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    Estimates of crown fire hazard are presented for existing forest conditions in Montana by density class, structural class, forest type, and landownership. Three hazard reduction treatments were evaluated for their effectiveness in treating historically fire-adapted forests (ponderosa pine (Pinus ponderosa Dougl. ex Laws.), Douglas-fir (Pseudotsuga menziesii (Mirb.) Franco), dry mixed conifer) that rate high/moderate for fire hazard. Comprehensive restoration treatments that address density, structure, and species composition of high-hazard forests are significantly more effective at reducing hazard than thin-from below approaches that remove smaller trees only. Trees removed as a byproduct of the restoration treatment yielded net revenues averaging over $600 per acre, whereas the thin-from-below approach would require an out-of-pocket expenditure of over $600 per acre. Posttreatment conditions were projected forward 30 years and reevaluated for hazard. Projections revealed that effectiveness of all treatments diminished over time; however, forests receiving the comprehensive restoration treatment remained substantially lower hazard 30 years after treatment than they would have had they received the alternative treatments.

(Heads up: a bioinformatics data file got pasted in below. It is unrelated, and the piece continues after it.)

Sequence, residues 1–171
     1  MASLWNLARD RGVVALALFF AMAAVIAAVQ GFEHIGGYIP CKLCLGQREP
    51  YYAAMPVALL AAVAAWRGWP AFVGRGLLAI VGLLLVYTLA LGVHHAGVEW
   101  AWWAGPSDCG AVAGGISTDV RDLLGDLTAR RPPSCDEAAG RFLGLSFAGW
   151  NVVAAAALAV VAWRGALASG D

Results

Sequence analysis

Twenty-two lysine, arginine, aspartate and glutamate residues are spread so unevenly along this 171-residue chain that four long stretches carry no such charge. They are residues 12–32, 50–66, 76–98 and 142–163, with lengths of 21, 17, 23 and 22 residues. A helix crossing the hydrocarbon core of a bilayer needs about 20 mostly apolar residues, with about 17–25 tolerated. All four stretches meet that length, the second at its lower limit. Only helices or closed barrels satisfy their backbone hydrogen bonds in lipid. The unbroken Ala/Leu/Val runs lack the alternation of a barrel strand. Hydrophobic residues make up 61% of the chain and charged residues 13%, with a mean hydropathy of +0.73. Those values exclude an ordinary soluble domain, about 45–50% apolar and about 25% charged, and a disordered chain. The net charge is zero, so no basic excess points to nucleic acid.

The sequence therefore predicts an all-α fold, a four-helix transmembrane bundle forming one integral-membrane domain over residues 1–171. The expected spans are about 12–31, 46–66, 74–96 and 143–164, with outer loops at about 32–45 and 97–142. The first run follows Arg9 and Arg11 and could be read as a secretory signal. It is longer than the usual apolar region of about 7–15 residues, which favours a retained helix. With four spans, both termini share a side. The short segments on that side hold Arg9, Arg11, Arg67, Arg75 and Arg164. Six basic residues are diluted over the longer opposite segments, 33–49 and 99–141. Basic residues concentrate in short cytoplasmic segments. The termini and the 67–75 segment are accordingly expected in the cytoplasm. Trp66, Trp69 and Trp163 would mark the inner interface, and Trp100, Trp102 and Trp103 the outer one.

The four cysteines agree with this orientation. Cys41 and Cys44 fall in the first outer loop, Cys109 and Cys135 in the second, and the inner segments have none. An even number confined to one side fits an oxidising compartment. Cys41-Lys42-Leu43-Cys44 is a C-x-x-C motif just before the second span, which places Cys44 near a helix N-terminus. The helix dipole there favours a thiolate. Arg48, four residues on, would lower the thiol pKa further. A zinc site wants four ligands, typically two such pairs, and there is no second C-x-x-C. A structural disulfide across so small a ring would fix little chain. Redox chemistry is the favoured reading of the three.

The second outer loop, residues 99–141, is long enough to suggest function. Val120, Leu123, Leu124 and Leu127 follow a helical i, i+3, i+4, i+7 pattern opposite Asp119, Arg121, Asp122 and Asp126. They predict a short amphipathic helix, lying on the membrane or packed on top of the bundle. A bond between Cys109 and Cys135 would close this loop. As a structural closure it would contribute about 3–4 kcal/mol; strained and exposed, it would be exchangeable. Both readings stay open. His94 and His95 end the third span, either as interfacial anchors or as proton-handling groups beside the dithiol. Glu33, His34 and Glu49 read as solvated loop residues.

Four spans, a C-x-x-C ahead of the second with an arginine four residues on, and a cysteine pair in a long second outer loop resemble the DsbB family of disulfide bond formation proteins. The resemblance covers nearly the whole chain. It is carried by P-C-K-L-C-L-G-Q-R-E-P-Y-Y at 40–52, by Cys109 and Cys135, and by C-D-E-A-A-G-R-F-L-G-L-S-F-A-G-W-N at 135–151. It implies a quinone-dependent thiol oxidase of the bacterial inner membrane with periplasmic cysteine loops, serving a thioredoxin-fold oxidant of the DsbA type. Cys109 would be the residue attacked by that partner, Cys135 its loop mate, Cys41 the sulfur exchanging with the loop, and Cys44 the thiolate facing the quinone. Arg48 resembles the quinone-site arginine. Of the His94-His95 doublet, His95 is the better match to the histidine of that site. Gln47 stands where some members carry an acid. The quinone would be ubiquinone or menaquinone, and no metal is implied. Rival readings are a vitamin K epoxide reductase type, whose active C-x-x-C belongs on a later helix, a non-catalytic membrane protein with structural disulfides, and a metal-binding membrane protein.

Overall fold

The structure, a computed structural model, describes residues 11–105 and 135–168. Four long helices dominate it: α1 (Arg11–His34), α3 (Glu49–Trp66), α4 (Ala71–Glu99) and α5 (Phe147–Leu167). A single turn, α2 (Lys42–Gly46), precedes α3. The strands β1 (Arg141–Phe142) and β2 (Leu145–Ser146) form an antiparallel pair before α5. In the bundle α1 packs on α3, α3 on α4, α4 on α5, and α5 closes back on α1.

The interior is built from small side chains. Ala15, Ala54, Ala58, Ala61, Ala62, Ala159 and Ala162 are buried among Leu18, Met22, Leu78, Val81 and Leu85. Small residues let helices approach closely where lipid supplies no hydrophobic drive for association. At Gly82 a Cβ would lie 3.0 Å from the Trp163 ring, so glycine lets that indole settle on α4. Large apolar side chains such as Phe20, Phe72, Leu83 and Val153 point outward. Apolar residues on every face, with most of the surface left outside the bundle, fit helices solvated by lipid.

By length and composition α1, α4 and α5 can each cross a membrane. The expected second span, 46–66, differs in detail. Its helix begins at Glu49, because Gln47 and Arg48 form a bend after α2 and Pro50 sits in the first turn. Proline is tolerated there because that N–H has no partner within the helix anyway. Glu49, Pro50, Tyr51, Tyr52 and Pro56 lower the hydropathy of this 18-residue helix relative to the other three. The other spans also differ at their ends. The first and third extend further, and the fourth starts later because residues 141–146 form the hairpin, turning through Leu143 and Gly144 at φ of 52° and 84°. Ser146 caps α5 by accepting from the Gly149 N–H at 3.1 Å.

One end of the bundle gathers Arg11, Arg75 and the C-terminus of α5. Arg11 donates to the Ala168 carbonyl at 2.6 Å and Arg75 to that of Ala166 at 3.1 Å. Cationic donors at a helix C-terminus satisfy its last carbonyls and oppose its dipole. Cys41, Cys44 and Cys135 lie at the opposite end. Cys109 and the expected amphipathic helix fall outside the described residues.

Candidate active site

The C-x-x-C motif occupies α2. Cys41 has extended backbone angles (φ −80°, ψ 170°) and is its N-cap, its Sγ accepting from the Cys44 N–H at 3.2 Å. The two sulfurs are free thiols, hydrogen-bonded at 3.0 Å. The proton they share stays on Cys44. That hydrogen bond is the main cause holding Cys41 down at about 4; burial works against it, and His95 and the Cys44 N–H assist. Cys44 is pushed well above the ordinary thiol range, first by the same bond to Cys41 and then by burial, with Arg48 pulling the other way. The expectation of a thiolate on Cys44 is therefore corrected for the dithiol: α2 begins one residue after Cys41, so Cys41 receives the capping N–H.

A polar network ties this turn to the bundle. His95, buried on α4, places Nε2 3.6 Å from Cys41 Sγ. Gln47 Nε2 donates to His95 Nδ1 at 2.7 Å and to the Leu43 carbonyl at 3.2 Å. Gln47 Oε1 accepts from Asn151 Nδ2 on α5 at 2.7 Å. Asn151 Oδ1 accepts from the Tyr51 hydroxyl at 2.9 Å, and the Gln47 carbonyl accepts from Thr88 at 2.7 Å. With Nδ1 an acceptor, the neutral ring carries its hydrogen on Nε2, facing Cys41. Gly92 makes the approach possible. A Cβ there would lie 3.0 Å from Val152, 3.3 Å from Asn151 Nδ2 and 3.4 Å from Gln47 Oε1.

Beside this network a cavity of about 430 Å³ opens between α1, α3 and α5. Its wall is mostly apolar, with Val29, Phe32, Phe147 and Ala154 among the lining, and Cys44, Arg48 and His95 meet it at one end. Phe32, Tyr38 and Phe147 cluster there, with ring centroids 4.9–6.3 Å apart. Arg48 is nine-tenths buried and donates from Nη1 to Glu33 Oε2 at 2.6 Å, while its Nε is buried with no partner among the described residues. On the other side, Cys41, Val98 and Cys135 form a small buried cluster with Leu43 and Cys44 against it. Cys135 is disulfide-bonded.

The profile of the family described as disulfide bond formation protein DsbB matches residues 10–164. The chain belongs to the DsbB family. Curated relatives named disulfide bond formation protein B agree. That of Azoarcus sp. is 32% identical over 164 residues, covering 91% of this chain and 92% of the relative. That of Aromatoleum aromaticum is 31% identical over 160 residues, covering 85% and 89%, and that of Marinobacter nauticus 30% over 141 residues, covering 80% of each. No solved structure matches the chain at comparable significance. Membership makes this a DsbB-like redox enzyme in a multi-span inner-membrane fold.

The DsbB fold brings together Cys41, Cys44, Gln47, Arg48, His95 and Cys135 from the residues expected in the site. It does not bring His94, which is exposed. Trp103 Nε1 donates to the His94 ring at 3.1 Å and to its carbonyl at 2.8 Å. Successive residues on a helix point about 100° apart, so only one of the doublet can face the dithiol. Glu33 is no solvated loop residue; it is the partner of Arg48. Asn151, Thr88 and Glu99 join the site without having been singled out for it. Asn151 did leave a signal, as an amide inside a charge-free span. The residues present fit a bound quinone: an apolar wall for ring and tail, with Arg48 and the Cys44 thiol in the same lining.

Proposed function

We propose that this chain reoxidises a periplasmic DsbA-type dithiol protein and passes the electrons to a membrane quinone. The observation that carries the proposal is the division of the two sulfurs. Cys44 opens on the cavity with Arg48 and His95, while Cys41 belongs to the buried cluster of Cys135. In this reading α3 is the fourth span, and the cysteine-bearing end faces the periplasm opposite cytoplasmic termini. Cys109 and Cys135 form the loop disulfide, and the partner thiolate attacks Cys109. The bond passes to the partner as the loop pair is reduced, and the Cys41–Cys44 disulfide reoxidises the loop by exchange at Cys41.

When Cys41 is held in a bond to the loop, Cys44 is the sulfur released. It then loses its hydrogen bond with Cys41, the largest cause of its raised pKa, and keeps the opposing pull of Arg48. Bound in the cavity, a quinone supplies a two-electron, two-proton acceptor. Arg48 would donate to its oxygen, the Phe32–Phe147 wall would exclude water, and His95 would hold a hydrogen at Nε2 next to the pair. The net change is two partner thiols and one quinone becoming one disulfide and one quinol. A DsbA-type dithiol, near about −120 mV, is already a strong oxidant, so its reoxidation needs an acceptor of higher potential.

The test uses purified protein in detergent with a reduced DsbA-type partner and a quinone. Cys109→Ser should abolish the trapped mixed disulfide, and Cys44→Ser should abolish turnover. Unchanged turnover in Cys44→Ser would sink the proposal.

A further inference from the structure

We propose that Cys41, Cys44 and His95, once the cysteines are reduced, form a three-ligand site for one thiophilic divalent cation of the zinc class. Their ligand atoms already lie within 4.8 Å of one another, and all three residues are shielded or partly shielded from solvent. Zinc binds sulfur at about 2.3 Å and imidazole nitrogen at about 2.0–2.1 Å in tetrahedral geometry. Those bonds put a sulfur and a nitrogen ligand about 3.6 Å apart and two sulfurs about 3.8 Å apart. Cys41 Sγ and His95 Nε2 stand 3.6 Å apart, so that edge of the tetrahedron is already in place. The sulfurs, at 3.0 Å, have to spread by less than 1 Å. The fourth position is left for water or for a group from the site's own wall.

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    Fiedler, Carl E.; Keegan, Charles E., III; Woodall, Christopher W.; Morgan, Todd A. 2004. A strategic assessment of crown fire hazard in Montana: potential effectiveness and costs of hazard reduction treatments. Gen. Tech. Rep. PNW-GTR-622. Portland, OR: U.S. Department of Agriculture, Forest Service, Pacific Northwest Research Station. 48 p


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    Montana, wildfire, forest inventory, forest restoration, Forest Inventory and Analysis, hazard reduction, treatments, costs

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